They all got together to reinforce their warped view of the world. The guts of the Republican party on the National Review cruise. They chose as their venue the opulence of a modern cruise ship. No longer a conveyance which brought throngs of immigrants to their young country, today such vessels are an "almost all inclusive resort".
In the lounges and on the decks of MS Oosterdam they could cheer on their war, backslap their achievements and let the testosterone flow undeterred by any form of rational argument from any quarter outside their privileged clique.
Johann Hari of the Independent documented his observations in The New Republic. (Registration required). Beyond the clash of egos which would be inevitable at such a gathering, he illustrates the prejudice and bigotry of the modern conservative ruling class. But more than that, he provides the proof of what they really believe to be the truth.
They know. And by knowing and not honestly addressing that which they know to be fact, they are liars.
Was it a good ride? Not the cruise; the last seven years.
There is something strange about this discussion, and it takes me a few moments to realize exactly what it is. All the tropes conservatives usually deny in public--that Iraq is another Vietnam, that Bush is fighting a class war on behalf of the rich--are embraced on this shining ship in the middle of the ocean. Yes, they concede, we are fighting another Vietnam; and this time we won't let the weak-kneed liberals lose it. "It's customary to say we lost the Vietnam war, but who's 'we'?" Dinesh D'Souza asks angrily. "The left won by demanding America's humiliation." On this ship, there are no Viet Cong, no three million dead. There is only liberal treachery. Yes, D'Souza says, in a swift shift to domestic politics, "of course" Republican politics is "about class. Republicans are the party of winners, Democrats are the party of losers."
The panel nods, but it doesn't want to stray from Iraq. Robert Bork, Ronald Reagan's one-time nominee to the Supreme Court, mumbles from beneath low-hanging jowls: "The coverage of this war is unbelievable. Even Fox News is unbelievable. You'd think we're the only ones dying. Enemy casualties aren't covered. We're doing an excellent job killing them."
Then, with a judder, the panel runs momentarily aground. Rich Lowry, the preppy, handsome 38-year-old editor of National Review, announces, "The American public isn't concluding we're losing in Iraq for any irrational reason. They're looking at the cold, hard facts." The Vista Lounge is, as one, perplexed. Lowry continues, "I wish it was true that, because we're a superpower, we can't lose. But it's not."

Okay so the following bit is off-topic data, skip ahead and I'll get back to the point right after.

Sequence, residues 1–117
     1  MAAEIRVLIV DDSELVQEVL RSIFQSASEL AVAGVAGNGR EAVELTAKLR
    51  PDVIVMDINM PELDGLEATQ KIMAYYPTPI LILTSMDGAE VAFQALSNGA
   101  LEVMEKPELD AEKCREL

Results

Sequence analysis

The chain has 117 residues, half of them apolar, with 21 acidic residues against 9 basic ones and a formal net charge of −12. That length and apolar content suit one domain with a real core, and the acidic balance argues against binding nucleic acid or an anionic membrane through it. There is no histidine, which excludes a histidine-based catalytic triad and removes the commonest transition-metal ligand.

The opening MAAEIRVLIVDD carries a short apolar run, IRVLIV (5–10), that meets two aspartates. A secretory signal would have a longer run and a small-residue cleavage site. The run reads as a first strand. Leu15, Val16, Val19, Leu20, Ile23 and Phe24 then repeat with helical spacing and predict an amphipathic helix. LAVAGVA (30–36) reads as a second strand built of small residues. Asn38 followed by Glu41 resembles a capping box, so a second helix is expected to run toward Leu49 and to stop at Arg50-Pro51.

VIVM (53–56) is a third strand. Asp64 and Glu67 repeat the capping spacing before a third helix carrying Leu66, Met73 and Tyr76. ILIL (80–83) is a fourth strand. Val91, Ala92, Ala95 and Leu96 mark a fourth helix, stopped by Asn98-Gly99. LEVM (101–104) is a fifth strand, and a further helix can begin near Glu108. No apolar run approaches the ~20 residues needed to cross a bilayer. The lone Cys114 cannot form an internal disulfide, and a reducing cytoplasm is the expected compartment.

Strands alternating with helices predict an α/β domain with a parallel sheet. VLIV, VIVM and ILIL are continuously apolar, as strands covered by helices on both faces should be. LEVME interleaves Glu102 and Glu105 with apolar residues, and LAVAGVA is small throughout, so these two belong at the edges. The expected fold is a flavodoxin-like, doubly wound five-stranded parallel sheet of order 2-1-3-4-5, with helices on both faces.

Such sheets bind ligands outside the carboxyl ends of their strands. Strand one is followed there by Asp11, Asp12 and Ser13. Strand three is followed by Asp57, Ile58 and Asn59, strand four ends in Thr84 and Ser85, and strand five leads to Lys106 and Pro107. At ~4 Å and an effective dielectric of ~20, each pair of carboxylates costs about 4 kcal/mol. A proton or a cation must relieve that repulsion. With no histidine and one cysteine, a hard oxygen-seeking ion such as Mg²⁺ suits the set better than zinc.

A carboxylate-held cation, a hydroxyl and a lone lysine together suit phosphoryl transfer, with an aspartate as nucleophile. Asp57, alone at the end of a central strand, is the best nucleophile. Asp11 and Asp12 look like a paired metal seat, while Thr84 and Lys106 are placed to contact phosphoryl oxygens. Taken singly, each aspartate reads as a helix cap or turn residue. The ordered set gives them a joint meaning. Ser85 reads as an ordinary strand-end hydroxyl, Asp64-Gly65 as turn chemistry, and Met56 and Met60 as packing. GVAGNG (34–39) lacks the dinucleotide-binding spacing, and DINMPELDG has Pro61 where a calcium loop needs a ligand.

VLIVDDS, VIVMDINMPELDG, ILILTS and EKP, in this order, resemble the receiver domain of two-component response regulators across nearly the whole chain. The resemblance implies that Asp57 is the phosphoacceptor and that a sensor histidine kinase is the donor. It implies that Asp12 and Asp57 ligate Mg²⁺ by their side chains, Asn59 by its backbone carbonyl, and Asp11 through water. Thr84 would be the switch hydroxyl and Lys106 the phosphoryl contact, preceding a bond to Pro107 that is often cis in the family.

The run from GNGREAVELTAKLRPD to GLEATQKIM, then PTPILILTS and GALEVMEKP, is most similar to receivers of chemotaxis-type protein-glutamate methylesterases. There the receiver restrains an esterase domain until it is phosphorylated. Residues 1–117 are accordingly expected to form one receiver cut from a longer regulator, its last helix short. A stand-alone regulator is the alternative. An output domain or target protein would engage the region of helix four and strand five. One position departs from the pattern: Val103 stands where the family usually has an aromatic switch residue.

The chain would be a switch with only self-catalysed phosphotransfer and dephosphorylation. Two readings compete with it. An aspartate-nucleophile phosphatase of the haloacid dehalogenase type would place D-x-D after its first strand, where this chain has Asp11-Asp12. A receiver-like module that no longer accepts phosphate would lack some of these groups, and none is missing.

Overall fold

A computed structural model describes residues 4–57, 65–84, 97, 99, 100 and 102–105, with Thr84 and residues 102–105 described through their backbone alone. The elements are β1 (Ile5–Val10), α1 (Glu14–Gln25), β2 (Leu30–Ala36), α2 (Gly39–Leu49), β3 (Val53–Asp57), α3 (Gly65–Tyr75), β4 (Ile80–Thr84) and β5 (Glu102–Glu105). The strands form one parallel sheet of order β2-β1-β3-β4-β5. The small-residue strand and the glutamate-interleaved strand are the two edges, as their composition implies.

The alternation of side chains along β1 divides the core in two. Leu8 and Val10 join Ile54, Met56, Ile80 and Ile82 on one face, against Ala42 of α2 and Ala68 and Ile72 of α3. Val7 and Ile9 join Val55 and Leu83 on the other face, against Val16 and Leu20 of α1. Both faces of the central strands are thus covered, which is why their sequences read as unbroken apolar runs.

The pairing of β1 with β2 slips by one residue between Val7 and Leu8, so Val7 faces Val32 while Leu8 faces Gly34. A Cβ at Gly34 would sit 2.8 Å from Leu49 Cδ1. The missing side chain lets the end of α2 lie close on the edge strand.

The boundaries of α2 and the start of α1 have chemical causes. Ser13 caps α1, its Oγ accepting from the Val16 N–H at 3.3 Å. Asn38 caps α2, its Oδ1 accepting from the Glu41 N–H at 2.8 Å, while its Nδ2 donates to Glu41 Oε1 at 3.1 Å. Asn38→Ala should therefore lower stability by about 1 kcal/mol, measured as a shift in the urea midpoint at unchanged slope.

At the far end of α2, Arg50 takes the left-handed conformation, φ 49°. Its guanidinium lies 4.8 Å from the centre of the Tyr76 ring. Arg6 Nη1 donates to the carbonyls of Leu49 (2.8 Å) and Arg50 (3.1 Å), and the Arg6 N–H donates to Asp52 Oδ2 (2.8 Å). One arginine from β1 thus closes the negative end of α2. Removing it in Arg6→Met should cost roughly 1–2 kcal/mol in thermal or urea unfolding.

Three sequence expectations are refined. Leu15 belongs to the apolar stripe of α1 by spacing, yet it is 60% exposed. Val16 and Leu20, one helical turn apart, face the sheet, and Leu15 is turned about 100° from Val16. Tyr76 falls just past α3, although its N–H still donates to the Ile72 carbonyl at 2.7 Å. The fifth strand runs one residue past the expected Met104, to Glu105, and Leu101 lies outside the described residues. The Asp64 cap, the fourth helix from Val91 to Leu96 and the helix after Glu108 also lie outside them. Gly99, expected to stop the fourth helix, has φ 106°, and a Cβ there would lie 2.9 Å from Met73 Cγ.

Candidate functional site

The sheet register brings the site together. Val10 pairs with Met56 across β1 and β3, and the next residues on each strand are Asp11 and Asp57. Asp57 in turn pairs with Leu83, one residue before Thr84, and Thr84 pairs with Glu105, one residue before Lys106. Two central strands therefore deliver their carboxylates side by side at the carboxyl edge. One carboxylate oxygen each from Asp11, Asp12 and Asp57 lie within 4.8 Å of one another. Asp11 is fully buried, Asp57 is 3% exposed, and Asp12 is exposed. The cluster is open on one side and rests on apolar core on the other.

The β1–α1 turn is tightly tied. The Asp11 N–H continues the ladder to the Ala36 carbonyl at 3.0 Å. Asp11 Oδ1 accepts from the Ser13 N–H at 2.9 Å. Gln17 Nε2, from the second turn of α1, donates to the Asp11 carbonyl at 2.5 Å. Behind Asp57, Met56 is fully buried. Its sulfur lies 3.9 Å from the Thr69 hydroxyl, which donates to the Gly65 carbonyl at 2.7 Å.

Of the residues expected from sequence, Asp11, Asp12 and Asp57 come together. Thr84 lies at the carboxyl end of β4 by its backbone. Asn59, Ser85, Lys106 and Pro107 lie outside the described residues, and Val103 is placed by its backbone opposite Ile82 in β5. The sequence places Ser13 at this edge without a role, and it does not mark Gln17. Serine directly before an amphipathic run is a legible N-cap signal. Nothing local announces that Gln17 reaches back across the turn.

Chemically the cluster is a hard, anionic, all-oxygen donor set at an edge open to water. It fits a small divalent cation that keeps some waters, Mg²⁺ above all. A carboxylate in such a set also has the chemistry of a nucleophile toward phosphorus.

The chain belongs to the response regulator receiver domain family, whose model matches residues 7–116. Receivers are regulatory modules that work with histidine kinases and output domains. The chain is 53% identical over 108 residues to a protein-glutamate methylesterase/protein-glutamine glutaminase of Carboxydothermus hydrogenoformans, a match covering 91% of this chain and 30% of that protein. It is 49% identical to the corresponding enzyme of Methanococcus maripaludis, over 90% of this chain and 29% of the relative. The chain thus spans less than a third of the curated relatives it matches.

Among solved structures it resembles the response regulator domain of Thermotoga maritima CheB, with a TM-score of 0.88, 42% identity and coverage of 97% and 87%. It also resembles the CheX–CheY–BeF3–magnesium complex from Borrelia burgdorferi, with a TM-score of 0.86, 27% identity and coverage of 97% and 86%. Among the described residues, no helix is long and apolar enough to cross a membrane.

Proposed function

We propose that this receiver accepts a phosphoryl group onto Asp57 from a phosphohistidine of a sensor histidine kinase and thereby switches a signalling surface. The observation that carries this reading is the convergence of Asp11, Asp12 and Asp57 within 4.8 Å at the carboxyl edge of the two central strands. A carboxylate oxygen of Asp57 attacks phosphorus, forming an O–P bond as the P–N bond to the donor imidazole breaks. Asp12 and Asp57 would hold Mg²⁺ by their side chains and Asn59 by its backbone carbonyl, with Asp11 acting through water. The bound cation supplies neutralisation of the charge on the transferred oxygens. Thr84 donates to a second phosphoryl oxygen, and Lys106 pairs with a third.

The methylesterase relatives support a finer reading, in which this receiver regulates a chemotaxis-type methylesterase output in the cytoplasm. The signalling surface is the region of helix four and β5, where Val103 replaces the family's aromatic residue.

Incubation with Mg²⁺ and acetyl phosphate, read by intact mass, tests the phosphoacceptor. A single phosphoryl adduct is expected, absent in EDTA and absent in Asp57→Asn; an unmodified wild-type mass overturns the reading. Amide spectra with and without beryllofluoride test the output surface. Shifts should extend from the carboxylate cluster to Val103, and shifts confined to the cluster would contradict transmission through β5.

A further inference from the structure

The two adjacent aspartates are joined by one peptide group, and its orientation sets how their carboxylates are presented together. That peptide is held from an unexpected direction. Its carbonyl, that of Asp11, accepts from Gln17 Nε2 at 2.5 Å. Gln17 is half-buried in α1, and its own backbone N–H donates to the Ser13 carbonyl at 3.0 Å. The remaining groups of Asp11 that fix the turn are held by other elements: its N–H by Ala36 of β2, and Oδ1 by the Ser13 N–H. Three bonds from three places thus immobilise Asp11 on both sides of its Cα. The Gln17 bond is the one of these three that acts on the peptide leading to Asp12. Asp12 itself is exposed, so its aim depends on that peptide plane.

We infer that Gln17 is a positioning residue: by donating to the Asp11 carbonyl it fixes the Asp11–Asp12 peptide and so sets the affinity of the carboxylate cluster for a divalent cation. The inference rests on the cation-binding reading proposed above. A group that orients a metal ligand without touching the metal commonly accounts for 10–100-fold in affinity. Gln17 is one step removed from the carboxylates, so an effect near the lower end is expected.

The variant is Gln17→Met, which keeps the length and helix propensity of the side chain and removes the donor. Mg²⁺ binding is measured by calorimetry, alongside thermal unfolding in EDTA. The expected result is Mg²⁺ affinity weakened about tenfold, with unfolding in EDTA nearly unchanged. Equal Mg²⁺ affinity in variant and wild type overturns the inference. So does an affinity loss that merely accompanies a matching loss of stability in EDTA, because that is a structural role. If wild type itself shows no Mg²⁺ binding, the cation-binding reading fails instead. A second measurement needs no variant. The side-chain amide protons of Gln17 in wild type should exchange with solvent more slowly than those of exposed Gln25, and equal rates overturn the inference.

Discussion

As they bask in the delights of formal dining rooms, a multitude of bars and rich furnishings, their countrymen fight and die in a hellhole. A country is shattered beyond recognition. Countless thousands of people have died or have been displaced or simply rot in despair because of this luxury absorbing crowd.
They are not at war. They are playing at it. Suffering is the lot of others, be they Iraqis they care nothing for, or their own countrymen, separated by class and privilege. This is their war only in the sense that the American flag pin they wear on their formal dining attire is similar to the patch worn on the shoulder of some tour-extended, hapless grunt who only wants to get out of the whole mess alive.
It's clear now. These are the spawn of the Reagan Cold Warriors. Iraq is nothing more to them than a "redo". This is the make-up exam for the failure in Vietnam.
No matter what excuse they produce for invading and laying waste to Iraq, the real reason is now out there for all to see. The war in Iraq is being fought to even the score.
And, as in Vietnam, the privileged-class does none of the fighting. That falls to the "wasted" class. Nothing but movable pieces on a folding game board. The real war is the one they are waging on their own citizens as they exact a price for their sense of humiliation over Vietnam.
They are walking disasters; a waste of good air. May they choke on the failure they are about to perpetrate on themselves.